George Wilson: Take a Picture, Make a Photograph

After

I often don’t venture beyond my own backyard to make my photographs. Some have been great and popular images, while others, although very good images, languish in my files waiting for a buyer.

As I cross my patio and step into the deep green grass, I smell the fresh Florida air. November air is fresh and clear, not bound by the humidity of the summer months. I live in the city but my backyard offers a short break from the world around me. I have made a myriad of photographs here, including some nights under the stars. Just a few steps off the concrete edge of the patio and I am in a plethora of nature. Dragonflies buzz along the water, water hyacinth, pickerel weed, lily pads, and an occasional alligator make their homes where my property plunges into fresh water. Towards the house, butterflies and hummingbirds visit my garden. There is nothing special here, but to a photographer it is a cornucopia of opportunities.

Often, it’s just my camera and me out here. Occasionally my dog will brave the Florida sun and come along. I have never walked out here with the intent to photograph a specific thing. I simply let the inspiration find me. I have Plumbago (Plumbago auriculata) in my back yard, which is also known as leadwort or sky flower. I use them as low shrubs around my palm trees. They grow quickly and provide colorful light blue ground cover. Not being one to correct during post processing, my philosophy dictates getting the image correct in the camera first. Afterward I will make minor adjustments with tools aligning with the traditional wet darkroom. As I stand back pre-visualizing the photograph I want to take, I begin the decision-making process.

For this shoot, I chose diffused light for a better and softer blue. I also wanted to highlight the flower and create a 2-3 stop difference from the background. This creates a darker background and a brighter flower. As for composition, the rule of thirds seemed appropriate.


Figure 1: The Plumbago (Plumbago auriculata) in my back yard as it appeared in the late morning light. As you can see, the strong sunlight can create strong differences in lighting, shadows and even effect color reproduction.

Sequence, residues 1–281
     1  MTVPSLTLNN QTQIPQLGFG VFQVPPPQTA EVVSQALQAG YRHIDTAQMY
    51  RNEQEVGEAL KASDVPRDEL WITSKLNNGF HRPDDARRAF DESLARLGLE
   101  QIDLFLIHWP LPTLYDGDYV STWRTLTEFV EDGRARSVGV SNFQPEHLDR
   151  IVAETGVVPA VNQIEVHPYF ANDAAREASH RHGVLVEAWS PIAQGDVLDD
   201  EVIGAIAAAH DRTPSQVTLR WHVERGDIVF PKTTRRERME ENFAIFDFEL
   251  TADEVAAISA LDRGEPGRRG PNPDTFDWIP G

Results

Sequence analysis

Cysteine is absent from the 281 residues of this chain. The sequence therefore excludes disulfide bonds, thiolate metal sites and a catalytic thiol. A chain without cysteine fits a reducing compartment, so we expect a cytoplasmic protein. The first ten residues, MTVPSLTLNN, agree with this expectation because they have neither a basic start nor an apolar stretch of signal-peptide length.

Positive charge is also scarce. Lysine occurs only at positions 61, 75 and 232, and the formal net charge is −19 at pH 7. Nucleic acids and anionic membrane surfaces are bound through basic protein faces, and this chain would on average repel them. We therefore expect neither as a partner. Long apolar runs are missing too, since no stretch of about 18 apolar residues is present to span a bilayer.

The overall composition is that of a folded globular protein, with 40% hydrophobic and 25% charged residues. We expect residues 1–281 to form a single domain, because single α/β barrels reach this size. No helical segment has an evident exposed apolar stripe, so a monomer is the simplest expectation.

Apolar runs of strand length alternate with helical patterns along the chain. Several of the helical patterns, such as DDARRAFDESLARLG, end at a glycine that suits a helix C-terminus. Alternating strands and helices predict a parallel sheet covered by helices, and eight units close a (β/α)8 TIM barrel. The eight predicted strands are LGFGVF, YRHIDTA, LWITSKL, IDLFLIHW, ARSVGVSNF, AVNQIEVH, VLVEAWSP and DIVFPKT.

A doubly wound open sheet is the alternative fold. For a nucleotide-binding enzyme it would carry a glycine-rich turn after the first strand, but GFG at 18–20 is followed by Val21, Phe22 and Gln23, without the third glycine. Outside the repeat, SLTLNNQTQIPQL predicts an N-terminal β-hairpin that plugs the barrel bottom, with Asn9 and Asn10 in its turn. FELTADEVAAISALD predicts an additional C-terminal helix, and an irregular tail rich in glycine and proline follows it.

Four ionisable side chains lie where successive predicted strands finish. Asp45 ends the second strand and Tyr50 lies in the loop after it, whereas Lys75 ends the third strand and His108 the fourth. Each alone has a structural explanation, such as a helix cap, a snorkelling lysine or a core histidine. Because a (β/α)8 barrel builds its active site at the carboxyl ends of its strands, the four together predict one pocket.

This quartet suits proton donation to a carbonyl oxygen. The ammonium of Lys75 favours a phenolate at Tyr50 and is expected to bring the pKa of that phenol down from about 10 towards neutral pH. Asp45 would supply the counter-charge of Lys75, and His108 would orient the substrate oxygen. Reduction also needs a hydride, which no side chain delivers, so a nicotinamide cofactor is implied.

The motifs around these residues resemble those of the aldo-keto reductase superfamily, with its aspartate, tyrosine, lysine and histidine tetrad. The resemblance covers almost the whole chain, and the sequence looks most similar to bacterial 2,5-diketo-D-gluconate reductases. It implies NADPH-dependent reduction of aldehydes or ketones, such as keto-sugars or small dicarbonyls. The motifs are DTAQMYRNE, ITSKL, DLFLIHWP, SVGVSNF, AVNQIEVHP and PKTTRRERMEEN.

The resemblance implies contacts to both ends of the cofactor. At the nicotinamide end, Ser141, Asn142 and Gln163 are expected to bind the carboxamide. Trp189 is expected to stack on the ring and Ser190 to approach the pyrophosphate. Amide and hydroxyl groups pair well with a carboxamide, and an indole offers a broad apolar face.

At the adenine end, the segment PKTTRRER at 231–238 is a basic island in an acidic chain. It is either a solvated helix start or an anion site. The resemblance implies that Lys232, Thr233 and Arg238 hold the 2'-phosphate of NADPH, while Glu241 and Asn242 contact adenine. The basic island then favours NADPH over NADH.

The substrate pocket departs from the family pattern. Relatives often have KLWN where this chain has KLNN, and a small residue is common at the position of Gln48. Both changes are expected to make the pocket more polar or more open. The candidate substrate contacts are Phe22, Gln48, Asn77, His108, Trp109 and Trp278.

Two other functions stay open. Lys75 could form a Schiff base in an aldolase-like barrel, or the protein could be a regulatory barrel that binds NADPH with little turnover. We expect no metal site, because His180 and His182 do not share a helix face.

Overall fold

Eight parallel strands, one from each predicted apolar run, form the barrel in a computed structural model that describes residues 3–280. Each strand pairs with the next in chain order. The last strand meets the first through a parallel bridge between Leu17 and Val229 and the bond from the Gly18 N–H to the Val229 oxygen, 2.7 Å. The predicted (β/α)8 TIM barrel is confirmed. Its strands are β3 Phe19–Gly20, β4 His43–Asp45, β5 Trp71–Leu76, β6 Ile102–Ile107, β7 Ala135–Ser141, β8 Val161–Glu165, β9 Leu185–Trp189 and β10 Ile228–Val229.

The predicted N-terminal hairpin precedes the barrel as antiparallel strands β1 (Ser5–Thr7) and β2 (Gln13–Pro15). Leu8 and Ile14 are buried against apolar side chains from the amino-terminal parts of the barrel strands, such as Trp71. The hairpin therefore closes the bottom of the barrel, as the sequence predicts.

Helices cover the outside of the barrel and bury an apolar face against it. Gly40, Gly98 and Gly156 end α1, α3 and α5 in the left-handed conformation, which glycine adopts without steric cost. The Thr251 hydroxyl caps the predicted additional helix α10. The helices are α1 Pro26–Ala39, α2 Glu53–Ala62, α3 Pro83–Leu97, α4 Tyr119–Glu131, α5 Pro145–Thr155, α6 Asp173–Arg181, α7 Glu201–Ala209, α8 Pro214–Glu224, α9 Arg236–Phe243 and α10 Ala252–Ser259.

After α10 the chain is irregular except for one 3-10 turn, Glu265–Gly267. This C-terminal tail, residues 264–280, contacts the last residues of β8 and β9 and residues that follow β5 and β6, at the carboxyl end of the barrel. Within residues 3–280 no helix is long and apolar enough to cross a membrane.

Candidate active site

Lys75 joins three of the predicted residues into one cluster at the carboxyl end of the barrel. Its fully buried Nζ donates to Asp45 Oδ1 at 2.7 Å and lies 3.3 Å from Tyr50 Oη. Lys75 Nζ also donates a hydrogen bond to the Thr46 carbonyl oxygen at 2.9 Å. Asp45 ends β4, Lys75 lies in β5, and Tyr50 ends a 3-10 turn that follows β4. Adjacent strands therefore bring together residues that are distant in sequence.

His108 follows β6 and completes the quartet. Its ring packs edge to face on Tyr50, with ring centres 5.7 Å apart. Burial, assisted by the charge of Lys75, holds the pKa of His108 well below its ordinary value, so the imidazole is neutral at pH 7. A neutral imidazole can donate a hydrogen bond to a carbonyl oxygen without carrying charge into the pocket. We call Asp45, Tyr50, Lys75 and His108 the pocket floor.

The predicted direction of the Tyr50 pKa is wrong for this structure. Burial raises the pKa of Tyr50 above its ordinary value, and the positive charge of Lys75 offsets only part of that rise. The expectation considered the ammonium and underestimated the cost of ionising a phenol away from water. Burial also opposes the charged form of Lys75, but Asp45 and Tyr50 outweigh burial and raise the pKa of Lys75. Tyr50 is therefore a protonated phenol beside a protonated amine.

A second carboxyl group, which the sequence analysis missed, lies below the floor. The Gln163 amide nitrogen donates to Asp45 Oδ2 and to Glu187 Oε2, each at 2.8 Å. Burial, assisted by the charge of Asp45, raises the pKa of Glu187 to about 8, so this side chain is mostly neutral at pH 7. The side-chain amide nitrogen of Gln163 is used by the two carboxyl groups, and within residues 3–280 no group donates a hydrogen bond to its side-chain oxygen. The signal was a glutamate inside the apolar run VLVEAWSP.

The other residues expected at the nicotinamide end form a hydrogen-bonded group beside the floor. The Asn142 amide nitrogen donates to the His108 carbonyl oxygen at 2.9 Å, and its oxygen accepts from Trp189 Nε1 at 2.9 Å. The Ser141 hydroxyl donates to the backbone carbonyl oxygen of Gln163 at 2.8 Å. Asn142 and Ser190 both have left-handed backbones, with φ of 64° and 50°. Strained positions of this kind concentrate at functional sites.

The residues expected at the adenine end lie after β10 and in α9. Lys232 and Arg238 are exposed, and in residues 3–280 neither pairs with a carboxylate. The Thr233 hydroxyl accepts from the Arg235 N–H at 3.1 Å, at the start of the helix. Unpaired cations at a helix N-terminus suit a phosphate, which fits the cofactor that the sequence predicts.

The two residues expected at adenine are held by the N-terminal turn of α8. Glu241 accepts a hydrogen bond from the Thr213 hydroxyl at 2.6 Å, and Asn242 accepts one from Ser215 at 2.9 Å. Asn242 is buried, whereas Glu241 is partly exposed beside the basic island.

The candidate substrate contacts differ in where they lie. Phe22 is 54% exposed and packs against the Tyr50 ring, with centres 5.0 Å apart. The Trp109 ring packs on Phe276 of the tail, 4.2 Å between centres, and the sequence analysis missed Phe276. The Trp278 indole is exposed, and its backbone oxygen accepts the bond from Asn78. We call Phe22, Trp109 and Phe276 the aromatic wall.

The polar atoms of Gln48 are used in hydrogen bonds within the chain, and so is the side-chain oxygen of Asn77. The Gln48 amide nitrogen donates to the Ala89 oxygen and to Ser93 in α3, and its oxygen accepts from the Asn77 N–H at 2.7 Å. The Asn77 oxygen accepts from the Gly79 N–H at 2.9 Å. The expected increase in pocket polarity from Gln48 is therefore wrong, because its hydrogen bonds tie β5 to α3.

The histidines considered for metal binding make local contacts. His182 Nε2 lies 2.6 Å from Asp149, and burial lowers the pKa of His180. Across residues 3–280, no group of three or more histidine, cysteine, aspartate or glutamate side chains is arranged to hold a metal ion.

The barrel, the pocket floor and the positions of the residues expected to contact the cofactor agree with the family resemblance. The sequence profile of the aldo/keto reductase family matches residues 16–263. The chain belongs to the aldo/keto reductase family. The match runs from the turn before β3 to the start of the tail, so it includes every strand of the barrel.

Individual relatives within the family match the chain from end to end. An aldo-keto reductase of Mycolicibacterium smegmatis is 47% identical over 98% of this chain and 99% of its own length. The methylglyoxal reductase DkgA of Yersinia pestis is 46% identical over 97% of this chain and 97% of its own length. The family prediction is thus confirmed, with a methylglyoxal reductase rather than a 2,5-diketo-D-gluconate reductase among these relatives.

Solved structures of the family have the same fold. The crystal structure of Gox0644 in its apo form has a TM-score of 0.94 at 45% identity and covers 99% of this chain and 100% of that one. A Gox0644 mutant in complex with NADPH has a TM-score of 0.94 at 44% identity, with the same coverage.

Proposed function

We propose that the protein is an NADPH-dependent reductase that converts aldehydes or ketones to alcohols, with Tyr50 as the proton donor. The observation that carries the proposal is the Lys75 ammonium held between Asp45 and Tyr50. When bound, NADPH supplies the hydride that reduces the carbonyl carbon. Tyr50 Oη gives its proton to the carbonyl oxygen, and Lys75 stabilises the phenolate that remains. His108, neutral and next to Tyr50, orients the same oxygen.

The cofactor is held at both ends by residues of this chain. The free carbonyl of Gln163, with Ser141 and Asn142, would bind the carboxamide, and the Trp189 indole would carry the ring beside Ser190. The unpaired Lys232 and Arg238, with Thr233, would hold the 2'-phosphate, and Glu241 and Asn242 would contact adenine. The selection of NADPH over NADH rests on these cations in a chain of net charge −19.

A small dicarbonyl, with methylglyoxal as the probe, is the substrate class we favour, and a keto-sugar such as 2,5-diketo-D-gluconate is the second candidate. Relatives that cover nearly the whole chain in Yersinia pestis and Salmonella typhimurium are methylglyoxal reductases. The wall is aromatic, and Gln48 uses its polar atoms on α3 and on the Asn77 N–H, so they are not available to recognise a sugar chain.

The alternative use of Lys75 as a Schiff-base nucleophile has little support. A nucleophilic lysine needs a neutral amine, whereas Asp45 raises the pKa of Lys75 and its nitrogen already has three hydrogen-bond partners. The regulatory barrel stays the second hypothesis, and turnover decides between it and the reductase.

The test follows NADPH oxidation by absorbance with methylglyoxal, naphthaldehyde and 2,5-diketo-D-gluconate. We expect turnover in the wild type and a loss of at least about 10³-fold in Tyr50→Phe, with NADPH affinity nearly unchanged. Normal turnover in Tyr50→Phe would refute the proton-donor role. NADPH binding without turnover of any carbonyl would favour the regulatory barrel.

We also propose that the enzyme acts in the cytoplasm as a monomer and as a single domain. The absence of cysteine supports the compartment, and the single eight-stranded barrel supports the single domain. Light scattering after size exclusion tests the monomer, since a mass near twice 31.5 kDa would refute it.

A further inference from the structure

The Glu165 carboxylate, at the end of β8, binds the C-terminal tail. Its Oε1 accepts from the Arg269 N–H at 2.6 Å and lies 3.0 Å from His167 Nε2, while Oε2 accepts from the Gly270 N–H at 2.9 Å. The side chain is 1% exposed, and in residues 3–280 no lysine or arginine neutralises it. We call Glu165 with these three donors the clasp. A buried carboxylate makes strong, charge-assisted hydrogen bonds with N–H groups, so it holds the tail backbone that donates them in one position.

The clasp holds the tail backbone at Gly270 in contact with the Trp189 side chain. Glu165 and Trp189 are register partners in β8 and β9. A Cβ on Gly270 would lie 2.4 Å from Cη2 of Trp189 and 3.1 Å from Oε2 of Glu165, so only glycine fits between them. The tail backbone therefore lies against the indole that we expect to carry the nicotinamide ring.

Figure 2: I mounted a Photoflex 41”x74” White/Translucent LiteDisc to a LiteStand and positioned it in between the flowers and the sun. The light, now diffused, evened out. The translucent Disc softened the harsh shadows and allowed me to actually see the color of the flower and the unique textures of the petals. Under non-diffused light (Figure 1) these subtle qualities get washed out and lost. In the darkroom, much like the digital darkroom of today, highlights can seldom be saved. Shadows and mid tones fare much better in post processing. Using the diffuser evens the light and removes the highlights, bathing the subject in a less harsh light.


Figure 3: Next, the white balance needed adjustment. Even though I was working in daylight, I had altered the color temperature of the light slightly by using a diffuser. By setting a Custom White Balance using the Photoflex QuikDisc®: 12 inch white balancing tool, I was able to achieve an accurate color reproduction of the scene in front of me. The camera chose 5774K, but remember that midday daylight can range between 5000K and 5600K. Diffused light, clouds, shade and even flash all have varying amounts of blue in them. These hues can alter the overall appearance of an image. Conversely, tungsten lights (2900K-3200K) as well as fluorescent lights have varying amount of yellow to red in them – also altering the appearance of your images. The simple act of setting your white balance can render your images true to the color you see and want. To set the white balance, simply placed the Photoflex QuikDisc®: 12 inch white balancing tool in front of the object you want to photograph. The camera will read the reflectivity of the 18% gray and calculate the correct color temperature.


Figure 4: With the light diffused and the white balance corrected, I then began to form the image I had envisioned. Adding the use of a LiteDisc 12 inch White/Silver (Pocket Reflector) I was able to “throw” some silver light into the image. I didn’t do this to lighten the image or fill in shadows in this case; I solely wanted to create a greater difference in exposure than was in the scene. I wanted to make the Plumbago blooms 2 or 3 stops brighter than the green leaves behind it. By brightening the flowers with the reflector and using my spot meter to set my exposure, I underexposed the background, rendering it darker. This created a stronger separation of the subject from the background.


Figure 5: For a final touch, I switched the picture control on my Nikon D7100 to portrait from standard, which brought out a slight highlight on the Plumbago.


George Wilson has more than 30 years of experience as a professional photographer, and his work has appeared in many national and international publications. Now focusing on nature and wildlife photography, George exhibits his infrared black and white landscape work and teaches photography at numerous art centers, botanical gardens and at the Walt Disney World Resort in his home state of Florida. A key element to George’s work is his dedication to traditional photography as his post processing is strictly limited to tools aligning with the traditional darkroom. To see more of George's work, visit wilsonphotographyfl.com


Equipment Used:

Photoflex LiteDisc® Oval 41"x74” Translucent
Photoflex LiteDisc® 12 inch White/Silver
Photoflex QuikDisc®: 12 inch white balancing tool
Photoflex LiteDisc® Holder
Photoflex LiteStand: Extra Large
Photoflex RockSteady Bag


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